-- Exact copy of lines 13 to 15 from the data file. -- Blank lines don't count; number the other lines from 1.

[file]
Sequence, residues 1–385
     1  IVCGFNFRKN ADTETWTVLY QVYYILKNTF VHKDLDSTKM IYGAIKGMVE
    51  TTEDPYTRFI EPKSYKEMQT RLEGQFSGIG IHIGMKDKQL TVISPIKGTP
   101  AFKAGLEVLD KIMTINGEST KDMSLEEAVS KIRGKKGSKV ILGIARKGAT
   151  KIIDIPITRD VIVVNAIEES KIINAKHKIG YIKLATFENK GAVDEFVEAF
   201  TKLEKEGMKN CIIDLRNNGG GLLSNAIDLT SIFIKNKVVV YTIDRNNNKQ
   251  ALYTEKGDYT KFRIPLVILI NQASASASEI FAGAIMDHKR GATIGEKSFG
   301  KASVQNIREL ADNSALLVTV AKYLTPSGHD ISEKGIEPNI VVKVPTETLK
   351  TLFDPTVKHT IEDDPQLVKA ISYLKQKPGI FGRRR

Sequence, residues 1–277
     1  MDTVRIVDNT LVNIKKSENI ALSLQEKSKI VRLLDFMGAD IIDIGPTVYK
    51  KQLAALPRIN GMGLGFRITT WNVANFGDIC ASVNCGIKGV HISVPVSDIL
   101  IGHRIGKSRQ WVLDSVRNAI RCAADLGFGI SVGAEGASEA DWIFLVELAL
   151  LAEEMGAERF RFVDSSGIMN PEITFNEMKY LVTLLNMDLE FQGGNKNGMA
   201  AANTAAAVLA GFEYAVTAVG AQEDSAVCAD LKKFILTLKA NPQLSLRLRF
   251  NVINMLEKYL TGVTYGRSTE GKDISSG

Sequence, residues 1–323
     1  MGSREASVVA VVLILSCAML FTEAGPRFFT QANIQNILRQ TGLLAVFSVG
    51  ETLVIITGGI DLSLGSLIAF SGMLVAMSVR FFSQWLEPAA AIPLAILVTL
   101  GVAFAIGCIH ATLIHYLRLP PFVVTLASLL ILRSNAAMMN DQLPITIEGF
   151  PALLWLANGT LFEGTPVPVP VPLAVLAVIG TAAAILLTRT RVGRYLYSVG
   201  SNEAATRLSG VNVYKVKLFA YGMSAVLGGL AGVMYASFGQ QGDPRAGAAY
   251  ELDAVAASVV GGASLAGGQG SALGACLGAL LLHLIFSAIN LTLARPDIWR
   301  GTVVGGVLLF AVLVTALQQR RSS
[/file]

   101  IGHRIGKSRQ WVLDSVRNAI RCAADLGFGI SVGAEGASEA DWIFLVELAL
   151  LAEEMGAERF RFVDSSGIMN PEITFNEMKY LVTLLNMDLE FQGGNKNGMA
   201  AANTAAAVLA GFEYAVTAVG AQEDSAVCAD LKKFILTLKA NPQLSLRLRF